Territory from Mexico and the Compromise of 1850Many opposed the war with Mexico as a territory grab that would play into the hands of the South and allow for the extension of slavery.• In 1846, Cong. David Wilmot introduced a resolution to prohibit slavery from any territory acquired from the Mexican War. The "Wilmot Proviso". The proviso was defeated, but the issue remained.
Territory from Mexico and the Compromise of 1850John C. Calhoun countered Wilmot by arguing that the territories were the common possession of all Americans therefore all Americans had the right to take their property to the territories- including slaves.• To prohibit slavery would be to deny Americans their basic due process right of possession of their property. Thus, the Bill of Rights guaranteed the right to possess slaves.• These arguments were not adopted by Congress either, but indicated future conflict.
Territory from Mexico and the Compromise of 1850Michigan Sen. Lewis Cass introduced a middle option-• “Popular Sovereignty." Allow the citizens of the territories to administer their own affairs. By a popular vote, they could decide whether to have slavery.
Territory from Mexico and the Compromise of 1850Another compromise produced by Henry Clay- The Compromise of 1850.• Among the important components of this compromise were: the admission of Calif. as a free state; the organization of the rest of the southwest without restriction as to slavery; end use of District of Columbia as slave depot; more rigorous fugitive slave law passed.Compromise took 7 months of debate. Many thought the issue of slavery and the territories was finally settled. It was not to be so.
Compromise of 1850
Kansas and Nebraska• Many Northerners were anxious to build a transcontinental railroad, and of course they wanted it built through the North. To do so, they needed to organize territories in the West (Kansas and Nebraska). Southerners were eager to have the railroad built through their section, so another compromise appears necessary- of course slavery will be a crucial issue.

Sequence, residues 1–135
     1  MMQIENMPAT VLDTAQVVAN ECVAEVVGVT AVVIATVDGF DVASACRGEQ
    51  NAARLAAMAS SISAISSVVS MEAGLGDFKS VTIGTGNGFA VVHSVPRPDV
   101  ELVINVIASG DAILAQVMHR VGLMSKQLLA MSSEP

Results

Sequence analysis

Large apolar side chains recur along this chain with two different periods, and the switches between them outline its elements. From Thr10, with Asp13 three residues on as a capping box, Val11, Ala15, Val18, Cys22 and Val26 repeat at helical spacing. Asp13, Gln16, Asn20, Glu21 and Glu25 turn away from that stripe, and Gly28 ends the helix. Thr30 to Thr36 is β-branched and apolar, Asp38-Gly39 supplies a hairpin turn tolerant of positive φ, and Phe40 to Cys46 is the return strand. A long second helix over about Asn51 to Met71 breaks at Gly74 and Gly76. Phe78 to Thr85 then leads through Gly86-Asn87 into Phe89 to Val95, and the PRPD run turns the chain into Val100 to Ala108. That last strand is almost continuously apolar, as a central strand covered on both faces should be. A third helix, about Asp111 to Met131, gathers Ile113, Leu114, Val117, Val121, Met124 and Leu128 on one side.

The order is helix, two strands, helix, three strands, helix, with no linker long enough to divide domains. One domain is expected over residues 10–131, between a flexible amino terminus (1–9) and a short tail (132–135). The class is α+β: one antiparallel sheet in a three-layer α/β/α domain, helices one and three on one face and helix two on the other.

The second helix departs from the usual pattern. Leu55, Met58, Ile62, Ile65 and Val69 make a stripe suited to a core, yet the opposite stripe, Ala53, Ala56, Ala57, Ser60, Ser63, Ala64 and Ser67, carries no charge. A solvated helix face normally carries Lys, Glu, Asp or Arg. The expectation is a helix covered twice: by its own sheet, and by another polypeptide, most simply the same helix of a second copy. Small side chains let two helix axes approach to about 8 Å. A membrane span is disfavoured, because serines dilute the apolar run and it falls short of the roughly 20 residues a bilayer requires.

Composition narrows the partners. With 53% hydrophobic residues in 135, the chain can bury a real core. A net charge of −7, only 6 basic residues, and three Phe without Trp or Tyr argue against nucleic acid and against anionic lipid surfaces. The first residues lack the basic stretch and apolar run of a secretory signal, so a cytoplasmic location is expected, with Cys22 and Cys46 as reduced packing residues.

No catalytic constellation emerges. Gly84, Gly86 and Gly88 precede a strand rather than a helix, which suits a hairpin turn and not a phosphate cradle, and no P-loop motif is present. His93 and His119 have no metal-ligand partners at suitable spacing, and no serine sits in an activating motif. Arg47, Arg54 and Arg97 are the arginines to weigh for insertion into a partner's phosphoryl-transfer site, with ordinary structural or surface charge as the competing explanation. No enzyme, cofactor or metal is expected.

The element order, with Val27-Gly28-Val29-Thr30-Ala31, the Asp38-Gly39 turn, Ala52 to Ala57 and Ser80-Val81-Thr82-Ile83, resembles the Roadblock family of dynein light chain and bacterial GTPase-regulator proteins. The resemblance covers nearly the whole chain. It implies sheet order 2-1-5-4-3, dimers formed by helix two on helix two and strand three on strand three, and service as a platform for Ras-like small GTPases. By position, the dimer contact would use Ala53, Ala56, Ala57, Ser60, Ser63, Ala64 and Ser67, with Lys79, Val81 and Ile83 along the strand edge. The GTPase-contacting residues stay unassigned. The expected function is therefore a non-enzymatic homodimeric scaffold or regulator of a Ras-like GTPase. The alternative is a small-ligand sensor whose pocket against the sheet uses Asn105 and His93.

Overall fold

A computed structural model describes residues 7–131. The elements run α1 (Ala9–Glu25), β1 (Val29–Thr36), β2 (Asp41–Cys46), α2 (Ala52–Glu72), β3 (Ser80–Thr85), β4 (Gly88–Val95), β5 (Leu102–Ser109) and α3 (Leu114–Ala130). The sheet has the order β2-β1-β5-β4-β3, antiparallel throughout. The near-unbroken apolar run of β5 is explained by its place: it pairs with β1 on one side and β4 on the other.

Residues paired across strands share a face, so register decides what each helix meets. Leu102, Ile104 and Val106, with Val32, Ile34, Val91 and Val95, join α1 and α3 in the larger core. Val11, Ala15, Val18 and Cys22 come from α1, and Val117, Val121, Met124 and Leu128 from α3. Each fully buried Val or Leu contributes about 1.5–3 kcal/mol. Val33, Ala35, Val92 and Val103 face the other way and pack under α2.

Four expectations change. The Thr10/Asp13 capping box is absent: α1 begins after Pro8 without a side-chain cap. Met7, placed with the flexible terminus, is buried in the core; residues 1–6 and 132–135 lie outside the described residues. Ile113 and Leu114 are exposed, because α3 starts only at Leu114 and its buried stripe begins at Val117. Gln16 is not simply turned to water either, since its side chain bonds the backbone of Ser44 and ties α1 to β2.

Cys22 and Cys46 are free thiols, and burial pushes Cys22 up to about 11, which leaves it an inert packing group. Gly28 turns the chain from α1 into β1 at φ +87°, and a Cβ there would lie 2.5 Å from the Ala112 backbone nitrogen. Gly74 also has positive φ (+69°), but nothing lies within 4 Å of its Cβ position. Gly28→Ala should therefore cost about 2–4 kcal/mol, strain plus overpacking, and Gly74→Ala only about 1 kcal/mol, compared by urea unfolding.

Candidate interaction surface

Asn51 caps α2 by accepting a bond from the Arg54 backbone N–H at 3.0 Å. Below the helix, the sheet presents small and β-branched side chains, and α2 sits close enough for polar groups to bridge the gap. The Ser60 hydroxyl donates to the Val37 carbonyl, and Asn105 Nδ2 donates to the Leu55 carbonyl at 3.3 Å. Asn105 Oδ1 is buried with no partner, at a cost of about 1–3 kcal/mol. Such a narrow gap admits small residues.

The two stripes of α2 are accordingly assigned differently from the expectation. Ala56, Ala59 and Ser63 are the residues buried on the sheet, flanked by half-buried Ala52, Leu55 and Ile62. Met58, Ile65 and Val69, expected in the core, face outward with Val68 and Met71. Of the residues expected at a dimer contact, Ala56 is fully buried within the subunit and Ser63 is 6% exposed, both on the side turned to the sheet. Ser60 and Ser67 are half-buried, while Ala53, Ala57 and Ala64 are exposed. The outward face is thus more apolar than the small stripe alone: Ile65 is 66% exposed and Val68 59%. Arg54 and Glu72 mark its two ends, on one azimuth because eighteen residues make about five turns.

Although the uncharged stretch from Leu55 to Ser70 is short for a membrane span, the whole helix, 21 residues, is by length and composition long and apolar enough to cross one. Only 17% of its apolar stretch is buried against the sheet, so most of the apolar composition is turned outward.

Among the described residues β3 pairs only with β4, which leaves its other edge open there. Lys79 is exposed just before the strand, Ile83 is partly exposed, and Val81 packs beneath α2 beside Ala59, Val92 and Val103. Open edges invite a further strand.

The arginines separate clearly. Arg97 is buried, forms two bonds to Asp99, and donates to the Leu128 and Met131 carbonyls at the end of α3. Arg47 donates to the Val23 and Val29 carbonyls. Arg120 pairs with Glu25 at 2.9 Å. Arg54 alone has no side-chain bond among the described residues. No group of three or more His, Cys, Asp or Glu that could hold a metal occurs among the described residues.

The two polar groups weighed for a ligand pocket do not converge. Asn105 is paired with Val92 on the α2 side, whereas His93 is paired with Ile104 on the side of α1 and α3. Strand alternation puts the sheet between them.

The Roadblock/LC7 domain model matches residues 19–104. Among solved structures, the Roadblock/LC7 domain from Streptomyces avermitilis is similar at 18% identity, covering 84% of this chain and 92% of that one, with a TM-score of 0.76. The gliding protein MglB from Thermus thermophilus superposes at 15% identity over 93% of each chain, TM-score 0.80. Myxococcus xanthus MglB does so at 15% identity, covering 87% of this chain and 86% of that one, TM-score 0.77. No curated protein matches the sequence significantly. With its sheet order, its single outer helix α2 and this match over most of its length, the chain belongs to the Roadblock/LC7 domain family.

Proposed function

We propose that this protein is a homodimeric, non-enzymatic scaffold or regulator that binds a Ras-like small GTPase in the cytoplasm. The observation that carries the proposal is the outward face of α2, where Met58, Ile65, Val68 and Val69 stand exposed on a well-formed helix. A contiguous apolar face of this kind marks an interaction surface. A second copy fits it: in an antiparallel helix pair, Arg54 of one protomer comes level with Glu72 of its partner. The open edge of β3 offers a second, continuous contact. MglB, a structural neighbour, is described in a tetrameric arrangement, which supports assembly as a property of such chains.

Kansas and Nebraska• The Nebraska territory, where the railroad was most likely to go, was north of the 36°30line established by the Missouri Compromise. To give their votes for laws necessary to organize Kansas and Nebraska, Southern congressmen demanded the option of expanding slavery into these areas.
Kansas and Nebraska• Stephen Douglas (D-Illinois) wrote a bill to organize Kansas and Nebraska. The Kansas- Nebraska Act, said the issue of slavery in the territories should be decided by popular sovereignty.• Douglas thought he was avoiding conflict, since as Kansas would most likely come in slave, being next to Missouri, and Nebraska would most likely come in free. This would keep the relative balance between the sections.• However, there was no avoiding conflict over slavery in the U.S. at this time.
Kansas-Nebraska Act, 1854
Kansas and Nebraska• Many Northerners were furious over the Kansas-Nebraska Act, as it amounted to a repeal of the Missouri Compromise. Even Northerners who were not abolitionists were angry- the K-N Act represented a breech of trust. If Southerners did not respect the Missouri Compromise, then perhaps Northerners would not respect the new, tougher fugitive slave law. The tenuous balance struck by the Compromise of 1850 had been destroyed.
Kansas and Nebraska• The K-N Act destroyed the 2 party system that had existed to that time. The Whig party fell apart over the slavery issue, and the Democrats became more of a Southern party. A new party emerged- the Republicans.
Kansas and Nebraska• Violence erupted in Kansas, between pro- and anti- slavery forces.• With popular sovereignty to decide the slavery issue, both sides sent as many people as they could to vote.• These political opponents rapidly became warring factions, and terrorist activities began. Examples: – Pro-slavery forces attacked the free-state town of Lawrence, KS, destroying newspaper presses, and even training 5 cannon on the Free State hotel, destroying it. – These actions provoked an effort of revenge by John Brown. Brown and four of his sons attacked a pro-slavery settlement at Pottawatomie Creek- they chopped 5 men to death, in cold blood, with swords. This Pottawatomie Massacre set off a running guerilla war.